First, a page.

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Western Carpathians

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Western Carpathians

Western Carpathians
Mała Bystra in the Vysoké Tatry Mts.
Highest point
Peak Gerlachovský štít
Elevation 2,655 m (8,711 ft)
Coordinates
Geography
Carpathian Mountains, Western Carpathians in green
Countries
region Lesser Poland, Moravia and Weinviertel
Parent range Carpathian Mountains
Geology
Orogeny alpine orogeny
Type of rock granite, limestone, sandstone, andesite

The Western Carpathians are a mountain range and geomorphological province that forms the western part of the Carpathian Mountains.

The mountain belt stretches from the Low Beskids range of the Eastern Carpathians along the border of Poland with Slovakia toward the Moravian region of the Czech Republic and the Austrian Weinviertel. In the south the North Hungarian Mountains cover northern Hungary. The area of the Western Carpathians comprises about 70,000 km². The highest elevation is the Gerlachovský štít (2,655m).

Geographical definition

Most of the perimeter of the Western Carpathians is quite sharply defined by valleys. To the northwest and north they are separated from the Bohemian Massif by the Forecarpathian Lowland and the Lesser Poland Upland; to the west the Moravian Gate leads over to the Sudetes. To the south the mountain chain falls away towards the Pannonian Plain, a large plain situated between the Alps, the Dinaric Alps, and the main mass of the Eastern Carpathians.[1]

The boundary between the Western Carpathians and the Eastern Alps is formed by the Vienna Basin, the Hainburg Hills of the Little Carpathians at Devín Gate, and a gap carved by the Danube. To the east and northeast the mountains are bounded by the East Slovak and Sandomierz Basins, but it is less striking and passes through highland terrain that continues to the Eastern Carpathians.

Geology

Geological map of Western Carpathians

The Western Carpathians are part of the northern branch of alpine orogeny, which was formed by the closure of the Tethys Ocean.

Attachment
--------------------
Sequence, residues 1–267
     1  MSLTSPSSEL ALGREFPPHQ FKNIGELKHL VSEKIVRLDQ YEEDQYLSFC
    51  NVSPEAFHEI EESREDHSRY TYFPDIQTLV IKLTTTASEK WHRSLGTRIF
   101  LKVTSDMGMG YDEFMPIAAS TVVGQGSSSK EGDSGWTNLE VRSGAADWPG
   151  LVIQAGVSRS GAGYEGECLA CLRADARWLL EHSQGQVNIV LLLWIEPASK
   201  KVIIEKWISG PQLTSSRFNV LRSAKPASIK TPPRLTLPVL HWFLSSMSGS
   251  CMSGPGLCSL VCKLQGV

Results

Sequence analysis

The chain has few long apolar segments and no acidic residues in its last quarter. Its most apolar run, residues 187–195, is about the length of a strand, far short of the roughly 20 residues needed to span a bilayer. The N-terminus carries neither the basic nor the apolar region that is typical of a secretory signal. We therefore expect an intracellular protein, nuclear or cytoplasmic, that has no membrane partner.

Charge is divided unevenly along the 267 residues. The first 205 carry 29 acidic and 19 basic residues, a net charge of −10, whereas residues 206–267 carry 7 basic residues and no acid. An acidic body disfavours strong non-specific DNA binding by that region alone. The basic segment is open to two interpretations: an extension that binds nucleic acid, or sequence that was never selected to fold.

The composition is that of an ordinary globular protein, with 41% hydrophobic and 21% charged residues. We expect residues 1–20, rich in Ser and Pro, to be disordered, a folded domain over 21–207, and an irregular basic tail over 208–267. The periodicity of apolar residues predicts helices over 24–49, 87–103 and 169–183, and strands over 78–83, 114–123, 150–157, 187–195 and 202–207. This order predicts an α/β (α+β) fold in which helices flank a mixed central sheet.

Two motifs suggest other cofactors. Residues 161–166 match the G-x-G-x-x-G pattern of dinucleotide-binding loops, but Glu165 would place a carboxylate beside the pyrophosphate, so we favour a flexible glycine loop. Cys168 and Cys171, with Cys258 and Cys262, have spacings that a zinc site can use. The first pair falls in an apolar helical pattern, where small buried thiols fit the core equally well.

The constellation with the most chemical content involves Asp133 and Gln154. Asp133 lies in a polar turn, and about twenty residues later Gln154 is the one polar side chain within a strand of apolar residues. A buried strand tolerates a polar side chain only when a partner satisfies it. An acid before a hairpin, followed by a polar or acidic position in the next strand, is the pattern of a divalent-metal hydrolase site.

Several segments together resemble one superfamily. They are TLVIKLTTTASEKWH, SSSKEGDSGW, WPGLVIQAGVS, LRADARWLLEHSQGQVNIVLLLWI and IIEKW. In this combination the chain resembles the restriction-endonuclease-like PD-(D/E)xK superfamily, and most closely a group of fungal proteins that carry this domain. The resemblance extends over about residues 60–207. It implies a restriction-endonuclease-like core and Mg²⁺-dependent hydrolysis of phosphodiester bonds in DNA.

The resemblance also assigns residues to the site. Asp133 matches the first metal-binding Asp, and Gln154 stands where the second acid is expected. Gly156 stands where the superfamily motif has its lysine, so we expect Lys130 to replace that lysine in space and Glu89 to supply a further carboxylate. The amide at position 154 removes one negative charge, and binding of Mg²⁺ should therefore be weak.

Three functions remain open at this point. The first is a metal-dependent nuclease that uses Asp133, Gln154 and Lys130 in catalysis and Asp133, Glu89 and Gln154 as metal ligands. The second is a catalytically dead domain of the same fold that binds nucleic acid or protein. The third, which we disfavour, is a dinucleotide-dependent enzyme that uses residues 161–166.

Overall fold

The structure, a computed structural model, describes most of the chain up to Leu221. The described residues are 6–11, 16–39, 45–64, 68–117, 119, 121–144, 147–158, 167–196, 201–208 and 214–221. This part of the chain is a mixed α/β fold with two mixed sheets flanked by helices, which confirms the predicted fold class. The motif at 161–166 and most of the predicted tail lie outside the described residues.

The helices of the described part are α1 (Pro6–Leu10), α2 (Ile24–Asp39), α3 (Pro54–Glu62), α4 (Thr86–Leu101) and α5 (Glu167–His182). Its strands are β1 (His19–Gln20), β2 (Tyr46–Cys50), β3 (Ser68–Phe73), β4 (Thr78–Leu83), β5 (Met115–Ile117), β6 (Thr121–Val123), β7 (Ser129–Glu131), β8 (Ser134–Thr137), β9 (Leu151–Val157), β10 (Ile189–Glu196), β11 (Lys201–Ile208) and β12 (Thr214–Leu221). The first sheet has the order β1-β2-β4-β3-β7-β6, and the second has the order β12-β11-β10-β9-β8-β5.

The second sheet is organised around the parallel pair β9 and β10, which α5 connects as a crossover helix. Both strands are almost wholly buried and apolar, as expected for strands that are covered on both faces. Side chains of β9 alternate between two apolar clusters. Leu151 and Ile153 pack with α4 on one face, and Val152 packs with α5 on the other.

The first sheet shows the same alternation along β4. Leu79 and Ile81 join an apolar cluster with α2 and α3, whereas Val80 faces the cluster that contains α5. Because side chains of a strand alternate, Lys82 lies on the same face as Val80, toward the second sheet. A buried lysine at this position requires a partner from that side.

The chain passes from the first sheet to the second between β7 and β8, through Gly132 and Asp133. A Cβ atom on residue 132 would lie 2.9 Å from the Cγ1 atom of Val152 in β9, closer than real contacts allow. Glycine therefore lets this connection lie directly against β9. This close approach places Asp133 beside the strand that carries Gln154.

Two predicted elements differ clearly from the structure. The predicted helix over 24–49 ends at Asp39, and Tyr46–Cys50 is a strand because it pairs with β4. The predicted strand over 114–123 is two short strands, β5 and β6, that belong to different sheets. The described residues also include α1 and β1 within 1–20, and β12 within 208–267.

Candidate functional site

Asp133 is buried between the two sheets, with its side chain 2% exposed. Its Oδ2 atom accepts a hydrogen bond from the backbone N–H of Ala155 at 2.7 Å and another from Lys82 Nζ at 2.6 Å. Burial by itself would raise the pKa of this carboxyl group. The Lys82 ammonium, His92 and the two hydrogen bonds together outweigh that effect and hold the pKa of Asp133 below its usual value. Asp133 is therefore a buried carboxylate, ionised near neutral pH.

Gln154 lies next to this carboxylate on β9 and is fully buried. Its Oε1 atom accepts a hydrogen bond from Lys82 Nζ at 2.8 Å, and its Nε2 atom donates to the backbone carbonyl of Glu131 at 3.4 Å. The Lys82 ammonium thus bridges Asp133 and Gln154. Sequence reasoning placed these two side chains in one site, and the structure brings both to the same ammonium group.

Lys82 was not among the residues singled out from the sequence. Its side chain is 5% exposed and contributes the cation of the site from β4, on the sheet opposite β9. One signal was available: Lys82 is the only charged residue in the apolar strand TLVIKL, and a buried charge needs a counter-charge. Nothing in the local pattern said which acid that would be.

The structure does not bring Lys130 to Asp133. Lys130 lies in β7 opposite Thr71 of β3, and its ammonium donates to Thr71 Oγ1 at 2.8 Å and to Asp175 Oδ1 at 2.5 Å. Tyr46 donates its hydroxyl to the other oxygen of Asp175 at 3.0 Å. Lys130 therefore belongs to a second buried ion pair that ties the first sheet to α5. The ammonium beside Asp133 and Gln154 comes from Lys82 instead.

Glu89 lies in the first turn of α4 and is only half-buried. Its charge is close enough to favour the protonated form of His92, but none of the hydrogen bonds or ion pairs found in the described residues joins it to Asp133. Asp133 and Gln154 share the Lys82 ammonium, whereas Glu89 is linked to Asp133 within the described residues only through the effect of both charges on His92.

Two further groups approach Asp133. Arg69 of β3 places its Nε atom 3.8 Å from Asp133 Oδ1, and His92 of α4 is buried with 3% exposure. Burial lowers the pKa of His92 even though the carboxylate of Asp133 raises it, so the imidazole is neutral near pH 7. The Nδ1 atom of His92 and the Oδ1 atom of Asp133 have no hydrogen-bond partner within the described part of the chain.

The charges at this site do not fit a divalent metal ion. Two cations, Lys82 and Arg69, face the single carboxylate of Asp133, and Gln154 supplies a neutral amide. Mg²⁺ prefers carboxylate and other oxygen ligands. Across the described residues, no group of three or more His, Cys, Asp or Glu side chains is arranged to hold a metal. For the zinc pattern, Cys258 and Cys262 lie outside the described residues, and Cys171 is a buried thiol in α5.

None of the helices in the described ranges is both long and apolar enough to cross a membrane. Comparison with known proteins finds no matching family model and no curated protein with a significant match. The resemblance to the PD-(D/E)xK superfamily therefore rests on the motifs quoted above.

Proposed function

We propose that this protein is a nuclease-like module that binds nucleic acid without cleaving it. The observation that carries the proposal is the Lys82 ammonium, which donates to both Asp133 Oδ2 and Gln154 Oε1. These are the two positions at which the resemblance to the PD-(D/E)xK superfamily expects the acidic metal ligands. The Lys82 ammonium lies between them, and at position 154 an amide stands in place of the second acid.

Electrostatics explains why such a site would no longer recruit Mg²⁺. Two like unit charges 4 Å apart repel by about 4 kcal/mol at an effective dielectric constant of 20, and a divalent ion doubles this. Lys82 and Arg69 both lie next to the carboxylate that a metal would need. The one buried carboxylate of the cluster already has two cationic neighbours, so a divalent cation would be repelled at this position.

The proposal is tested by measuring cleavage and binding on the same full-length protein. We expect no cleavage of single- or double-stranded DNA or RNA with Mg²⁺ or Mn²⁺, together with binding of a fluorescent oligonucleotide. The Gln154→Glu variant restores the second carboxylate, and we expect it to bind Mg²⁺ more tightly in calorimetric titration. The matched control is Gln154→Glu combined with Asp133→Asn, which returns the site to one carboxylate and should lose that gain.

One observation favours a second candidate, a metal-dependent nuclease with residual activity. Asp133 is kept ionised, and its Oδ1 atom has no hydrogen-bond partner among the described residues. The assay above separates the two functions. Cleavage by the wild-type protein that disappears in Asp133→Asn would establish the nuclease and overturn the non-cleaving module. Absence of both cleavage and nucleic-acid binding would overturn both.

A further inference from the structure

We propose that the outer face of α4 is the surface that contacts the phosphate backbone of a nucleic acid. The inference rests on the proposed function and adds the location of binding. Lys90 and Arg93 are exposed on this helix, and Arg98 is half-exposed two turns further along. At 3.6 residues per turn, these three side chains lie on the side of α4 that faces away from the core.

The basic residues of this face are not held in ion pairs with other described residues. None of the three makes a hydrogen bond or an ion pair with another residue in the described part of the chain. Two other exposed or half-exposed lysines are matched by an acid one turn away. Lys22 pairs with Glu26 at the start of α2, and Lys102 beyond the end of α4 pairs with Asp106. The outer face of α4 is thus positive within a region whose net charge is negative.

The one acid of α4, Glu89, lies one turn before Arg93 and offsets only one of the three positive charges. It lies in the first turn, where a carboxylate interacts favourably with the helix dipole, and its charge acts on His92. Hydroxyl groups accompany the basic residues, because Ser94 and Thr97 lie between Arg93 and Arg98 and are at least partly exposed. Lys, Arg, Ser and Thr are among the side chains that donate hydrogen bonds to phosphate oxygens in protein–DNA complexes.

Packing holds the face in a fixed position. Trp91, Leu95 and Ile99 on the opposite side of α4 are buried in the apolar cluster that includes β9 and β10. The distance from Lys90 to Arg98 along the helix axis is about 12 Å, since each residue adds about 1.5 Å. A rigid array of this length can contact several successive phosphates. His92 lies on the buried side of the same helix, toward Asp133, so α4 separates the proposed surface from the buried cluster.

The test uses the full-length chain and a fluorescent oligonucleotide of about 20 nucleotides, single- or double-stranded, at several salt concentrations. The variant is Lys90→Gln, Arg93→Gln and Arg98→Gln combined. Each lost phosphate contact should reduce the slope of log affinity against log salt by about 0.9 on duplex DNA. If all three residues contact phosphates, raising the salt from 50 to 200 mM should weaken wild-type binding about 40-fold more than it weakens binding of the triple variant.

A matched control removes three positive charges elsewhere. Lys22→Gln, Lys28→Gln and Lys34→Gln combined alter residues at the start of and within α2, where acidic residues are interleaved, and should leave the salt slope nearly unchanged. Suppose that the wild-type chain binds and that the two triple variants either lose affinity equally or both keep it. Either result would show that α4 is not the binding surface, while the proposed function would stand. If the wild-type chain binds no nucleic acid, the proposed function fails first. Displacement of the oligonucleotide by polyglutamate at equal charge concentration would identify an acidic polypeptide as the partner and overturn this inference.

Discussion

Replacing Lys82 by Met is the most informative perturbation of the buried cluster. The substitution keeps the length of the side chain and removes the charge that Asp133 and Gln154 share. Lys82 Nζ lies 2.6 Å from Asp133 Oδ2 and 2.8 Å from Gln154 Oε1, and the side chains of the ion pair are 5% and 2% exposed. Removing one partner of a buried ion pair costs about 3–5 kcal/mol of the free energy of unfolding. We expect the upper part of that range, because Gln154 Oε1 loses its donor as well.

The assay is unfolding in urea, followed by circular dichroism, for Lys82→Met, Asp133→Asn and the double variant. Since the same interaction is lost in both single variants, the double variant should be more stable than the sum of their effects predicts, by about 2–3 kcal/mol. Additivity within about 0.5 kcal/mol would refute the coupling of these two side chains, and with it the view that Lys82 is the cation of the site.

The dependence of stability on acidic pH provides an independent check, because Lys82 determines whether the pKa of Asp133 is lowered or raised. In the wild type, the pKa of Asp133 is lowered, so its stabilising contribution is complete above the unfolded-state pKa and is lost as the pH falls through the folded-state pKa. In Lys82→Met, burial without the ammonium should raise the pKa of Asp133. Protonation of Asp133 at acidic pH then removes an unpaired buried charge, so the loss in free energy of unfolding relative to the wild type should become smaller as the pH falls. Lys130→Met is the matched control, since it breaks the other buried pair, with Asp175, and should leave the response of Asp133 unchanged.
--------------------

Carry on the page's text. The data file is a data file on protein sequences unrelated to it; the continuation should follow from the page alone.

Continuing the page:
The Western Carpathians are part of the Alpide belt. To the west they longitudinally join the Alps, but the exact boundary is hidden under the Neogene sedimentary fill of the Vienna Basin. To the east, their boundary with the Eastern Carpathians is the valley of the Hornád or Uzh River. The northern boundary with the East European craton and Bohemian Massif is well marked by the thrust of nappes of the Carpathian flysch belt. The southern boundary is less clear, because later postorogenetic evolution caused formation of basins, penetrating the mountain chain non-uniformly.

The Western Carpathians have a complicated geological structure, that has been formed since the Paleozoic era. The oldest Paleozoic rocks experienced the first stage of deformation during the Hercynian orogeny, but younger Alpine overprint is common. Alpine orogeny affected the area in several stages from Jurassic to Neogene. During this period, parts of Tethys Ocean were subducted under the African plate and Western Carpathian blocks were thrust over the margin of the Eurasian plate.

Tectonic units of the Western Carpathians are arranged in belt-like order, with the external units in the north and internal units in the south. Alpine evolution of the Western Carpathians is dominated by extension and closure of two or three oceanic domains:[2] Triassic-Jurassic Meliata-Halstatt Ocean, Jurassic-Cretaceous Piemont-Vahic Ocean/Zone and Cretaceous-Tertiary Valais-Magura Ocean. After a subduction of the Meliata Ocean, the Internal Western Carpathians were formed. Suturing of Vahic domain finalized thrusting in the Central Western Carpathians, and consuming the crust of Carpathian Flysch Basins caused the formation of the External West Carpathian accretionary wedge (Flysch Belt).

References

  1. ^ Vladár, J. (Editor) 1982: Encyklopédia Slovenska. VI. zväzok T-Ž. Bratislava, Veda, p. 497
  2. ^ Plašienka, D., 2002: Origin and growth of the Western Carpathian orogenetic wedge during the mesozoic. Geologica Carpathica Special Issues, 53, Proceedings of XVII. Congress of Carpathian-Balkan Geological Association Bratislava, September 1st - 4th 2002
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